Wednesday, March 24, 2010 – “Muslims in Europe, a German Perspective.” Ambassador Klaus Scharioth, German Ambassador to the United States, presented the historical, social, and political considerations guiding Germany in its attempts to accommodate the rights and needs of its citizens as well as address those of foreign residents, especially Muslims. While acknowledging that Germany had been slow to address the problems presented by its large guest-worker populations, Amb. Scharioth emphasized the many positive steps taken since the early 1960s to meet their needs and help them become better integrated in German society as well as to gain citizenship. The event was co-sponsored by the Georgetown University BMW Center for German and European Studies.
Friday, March 19, 2010 – “Georgetown Diplomacy and International Security Conference.” Over 20 eminent policy experts from around Washington DC joined nearly 300 students at the Georgetown Hotel and Conference Center for a keynote and series of panel discussions on a range of important issues in international affairs. The second panel entitled “Islam and the West: Religion, Culture, and Politics” featured ACMCU professors John Voll and Shireen Hunter, who were accompanied by Mark Siegel from Locke Lord Strategies and Merve Kavachi, Professor at George Washington University and former member of the Turkish Grand National Assembly. This event was co-sponsored by the ACMCU, the Georgetown International Relations Association, the Mortara Center, the Center for Eurasian, Russian, and East European Studies, the BMW Center for German and European Studies, the Center for Contemporary Arab Studies, the Berkley Center for Religion, Peace, and World Affairs, the Asian Studies Program, the African Studies Program, and the School of Foreign Service Deans Office.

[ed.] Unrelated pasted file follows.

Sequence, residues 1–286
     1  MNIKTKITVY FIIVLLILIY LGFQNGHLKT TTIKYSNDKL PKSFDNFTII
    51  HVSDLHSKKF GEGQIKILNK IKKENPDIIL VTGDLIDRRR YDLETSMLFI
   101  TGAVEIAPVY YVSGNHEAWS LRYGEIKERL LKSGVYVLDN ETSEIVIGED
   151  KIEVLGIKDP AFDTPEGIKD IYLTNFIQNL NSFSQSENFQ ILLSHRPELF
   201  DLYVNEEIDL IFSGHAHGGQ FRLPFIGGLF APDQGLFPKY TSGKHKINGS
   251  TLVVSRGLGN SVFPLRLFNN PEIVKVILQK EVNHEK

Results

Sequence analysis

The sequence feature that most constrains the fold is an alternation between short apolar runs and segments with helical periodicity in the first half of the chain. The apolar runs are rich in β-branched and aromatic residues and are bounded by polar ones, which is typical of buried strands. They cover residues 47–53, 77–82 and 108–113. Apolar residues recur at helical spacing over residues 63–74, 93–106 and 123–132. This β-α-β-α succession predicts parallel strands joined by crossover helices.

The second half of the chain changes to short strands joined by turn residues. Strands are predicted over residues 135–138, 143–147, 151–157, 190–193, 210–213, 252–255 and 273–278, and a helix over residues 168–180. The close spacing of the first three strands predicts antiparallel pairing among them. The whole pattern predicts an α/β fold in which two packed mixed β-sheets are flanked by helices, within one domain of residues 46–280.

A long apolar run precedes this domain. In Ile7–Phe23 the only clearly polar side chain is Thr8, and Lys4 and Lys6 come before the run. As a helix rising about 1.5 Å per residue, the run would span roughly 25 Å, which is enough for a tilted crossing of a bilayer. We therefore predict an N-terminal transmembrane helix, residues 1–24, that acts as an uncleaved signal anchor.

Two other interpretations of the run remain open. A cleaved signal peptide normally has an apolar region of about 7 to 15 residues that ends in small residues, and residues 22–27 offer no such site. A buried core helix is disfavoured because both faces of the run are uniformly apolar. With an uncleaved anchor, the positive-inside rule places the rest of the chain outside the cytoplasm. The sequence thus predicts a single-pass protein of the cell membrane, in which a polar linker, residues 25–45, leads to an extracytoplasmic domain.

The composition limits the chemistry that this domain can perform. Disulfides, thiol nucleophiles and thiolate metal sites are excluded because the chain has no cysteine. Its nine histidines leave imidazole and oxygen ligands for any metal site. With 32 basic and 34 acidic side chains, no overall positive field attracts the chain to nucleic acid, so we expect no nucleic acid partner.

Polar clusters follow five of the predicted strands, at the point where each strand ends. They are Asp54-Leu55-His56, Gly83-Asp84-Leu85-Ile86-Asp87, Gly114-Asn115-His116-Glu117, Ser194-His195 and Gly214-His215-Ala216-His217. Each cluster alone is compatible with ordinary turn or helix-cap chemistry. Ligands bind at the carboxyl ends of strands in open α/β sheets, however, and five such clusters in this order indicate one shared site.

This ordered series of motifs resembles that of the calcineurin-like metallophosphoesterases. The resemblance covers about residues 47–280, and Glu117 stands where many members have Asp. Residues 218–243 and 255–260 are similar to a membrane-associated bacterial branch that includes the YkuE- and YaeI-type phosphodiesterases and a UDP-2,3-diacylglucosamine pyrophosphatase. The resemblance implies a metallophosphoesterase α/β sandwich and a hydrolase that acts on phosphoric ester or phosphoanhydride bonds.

Wednesday, March 17, 2010 – “Common Cultural Heritage and Alliance of Civilizations: Challenges and Perspectives.” Dr. Abdulaziz Altwaijri Director General of the Islamic Educational, Scientific and Cultural Organization (ISESCO) in Morocco elaborated on his idea of inter-civilizational alliance and discussed issues related to Muslim-Christian understanding, the vision of coexistence in Islam, and how dialogue among civilizations and religions can be a dynamic to enrooting values of peace and justice.
Wednesday, February 3, 2010 – “Recovering a Forgotten World Hero: Why Emir Abd el-Kader Matters Today.” John W. Kiser, author of Commander of the Faithful: The Life and Times of Emir Abd el-Kader (1808-1883), reflected on the life story of Emir Abd el-Kader as one placed in the context of the “clash” of civilizations during his confrontation with French colonialism in the 1830s and 40s. Essentially, Kiser presented Emir Abd el-Kader as a model of true jihad to be emulated today by Muslims and non-Muslims alike.